Regardless of the specifics of the story, the format and storytelling methods Atlus utilizes are beyond reproach in my eyes. The opening is one of the best intros to a game I’ve seen in a while. It gives you a bit of foreshadowing, just enough of a tutorial, and a fantastic taste of the style this game embodies. The game’s enormous ending segment, from the start of the penultimate dungeon until the end of the final boss fight, is so perfect. They break down a lot of the illusions the game has given you, make you realize the reality of what has been happening, and tie everything all together right at the end. It all works to create a fantastic sense of closure, even if the actual final scene after the end boss is a bit of a disappointment.
Cool, Cooler, Coolest!
Persona 5 is a pretty game. Its graphics are not up to the par of modern giants, but it still catches your eye in a very good way. It has this unique colour palette and design aesthetic that just stands out in the crowd. So much so that the combat menu has become the subject of many memes and its character designs have been repurposed in many different ways. It also possesses one of the most spectacular soundtracks of modern gaming. The music has this way of tying dark themes into up-beat pieces to create a dynamic that helps keep you in touch with the game’s mood while also livening up the slow pace typical of this genre.
Probably the most impressive aspect of this game is how well every facet of the game ties together. Whether we’re talking character art, ability animations, music, story thematics – hell even the menus – it doesn’t matter, every single component shares the same sense of style. You rarely see games this completely cohesive, and it’s a pity because it the entire 120 hour experience feel so very well connected. It’s an elegant, sophisticated style that just oozes into your soul as you play the game. I just wanted to take a moment right here to appreciate this game’s menus. The transitions, the backgrounds, even the layout and button styles… they’re all so perfect for what this game is offering.
While that may be the most impressive thing, my favourite elements of the game were its dungeons, known as ‘palaces’. These palaces exist within an alternate reality known as the metaverse, and are twisted parodies of the real world space they occupy, bent by the perspective of their ruler. Each one has an extremely unique aesthetic… and the reveal when you step in to each palace that first time is so incredibly memorable. They kept outdoing themselves with each dungeon. To avoid specific spoilers, the bank was unquestionably my favourite reveal moment, while the pyramid was my favourite dungeon overall. Each palace truly reflects the story it was intending to tell in a way that is hard to put into words without spoiling you all.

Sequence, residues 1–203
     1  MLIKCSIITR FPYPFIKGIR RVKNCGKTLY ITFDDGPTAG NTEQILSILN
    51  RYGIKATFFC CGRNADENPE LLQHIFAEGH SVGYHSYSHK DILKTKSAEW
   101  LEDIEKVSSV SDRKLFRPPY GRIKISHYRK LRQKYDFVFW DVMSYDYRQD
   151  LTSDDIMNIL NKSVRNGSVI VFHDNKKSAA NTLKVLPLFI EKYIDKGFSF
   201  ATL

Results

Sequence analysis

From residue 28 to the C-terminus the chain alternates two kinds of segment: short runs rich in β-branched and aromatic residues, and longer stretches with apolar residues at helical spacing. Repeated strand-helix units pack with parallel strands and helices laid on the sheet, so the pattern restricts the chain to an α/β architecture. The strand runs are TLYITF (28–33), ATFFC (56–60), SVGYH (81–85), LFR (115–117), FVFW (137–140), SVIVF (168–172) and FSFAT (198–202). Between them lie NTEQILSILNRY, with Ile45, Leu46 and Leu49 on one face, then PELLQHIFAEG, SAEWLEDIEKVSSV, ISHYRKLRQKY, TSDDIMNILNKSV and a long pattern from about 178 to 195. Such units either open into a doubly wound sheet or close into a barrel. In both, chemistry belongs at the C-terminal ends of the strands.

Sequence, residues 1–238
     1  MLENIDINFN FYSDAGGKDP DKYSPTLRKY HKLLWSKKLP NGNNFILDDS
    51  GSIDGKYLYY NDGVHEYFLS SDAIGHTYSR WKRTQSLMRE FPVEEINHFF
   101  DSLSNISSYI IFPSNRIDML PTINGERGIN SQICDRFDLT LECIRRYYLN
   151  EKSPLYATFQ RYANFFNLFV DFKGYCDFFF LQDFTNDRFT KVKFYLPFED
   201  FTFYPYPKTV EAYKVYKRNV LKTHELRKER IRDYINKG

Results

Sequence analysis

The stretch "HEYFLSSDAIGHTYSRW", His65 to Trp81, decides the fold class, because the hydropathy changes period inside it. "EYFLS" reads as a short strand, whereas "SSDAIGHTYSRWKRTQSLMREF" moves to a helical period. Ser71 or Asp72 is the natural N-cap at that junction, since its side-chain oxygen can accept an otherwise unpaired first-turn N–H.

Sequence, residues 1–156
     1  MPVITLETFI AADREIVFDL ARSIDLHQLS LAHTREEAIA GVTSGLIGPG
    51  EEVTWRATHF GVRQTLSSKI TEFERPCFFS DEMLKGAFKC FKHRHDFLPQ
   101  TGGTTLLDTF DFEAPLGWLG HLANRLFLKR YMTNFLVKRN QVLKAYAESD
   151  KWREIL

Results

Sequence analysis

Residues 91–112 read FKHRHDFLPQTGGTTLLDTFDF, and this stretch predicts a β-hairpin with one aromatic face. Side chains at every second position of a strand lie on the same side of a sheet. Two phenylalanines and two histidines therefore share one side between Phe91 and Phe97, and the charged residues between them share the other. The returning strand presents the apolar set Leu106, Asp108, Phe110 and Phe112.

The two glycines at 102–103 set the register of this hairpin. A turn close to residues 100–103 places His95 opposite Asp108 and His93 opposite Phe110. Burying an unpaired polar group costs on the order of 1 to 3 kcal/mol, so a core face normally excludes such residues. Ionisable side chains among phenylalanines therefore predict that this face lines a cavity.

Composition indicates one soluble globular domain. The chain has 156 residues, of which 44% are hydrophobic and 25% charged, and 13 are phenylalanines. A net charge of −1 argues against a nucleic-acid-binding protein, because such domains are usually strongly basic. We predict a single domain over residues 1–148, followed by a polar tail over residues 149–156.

The one other thing I wanted to really give the developer credit for was their attention to detail. In Persona 5, they have lovingly recreated several districts of Tokyo for you to walk around in. I’ve seen side-by-side shots, and damn they did a fantastic job. It must be such a weird feeling to live there and look around and just think ‘that’s the train station I catch the train at’… especially when you view it through the lenses that each region of the metaverse grants.
Excitement and Mystery
Much like most JRPGs, Persona 5 features a turn based combat system. It uses a combination of in-combat dialogue, lively music, and an interesting visual style to make the combat never feel dry. Atlus has some of the most incredible battle music JRPGs have ever seen, and the characters move seemingly in tune to it, giving a sense of cohesion and liveliness that is simply infectious. Fortunately, the combat contains a lot of experimentation and a refreshing sense of challenge – even on the game’s normal difficulty – that will ensure you always have to be on your toes. Recognizing weaknesses and exploiting them is the key to success, as the game gives you access to special follow-up attacks. They even give you bonus effects for pursuing the characters’ sidestories, for both the main and the side characters. It’s a great way to reward you for putting your time into building these relationships, and it is masterfully handled.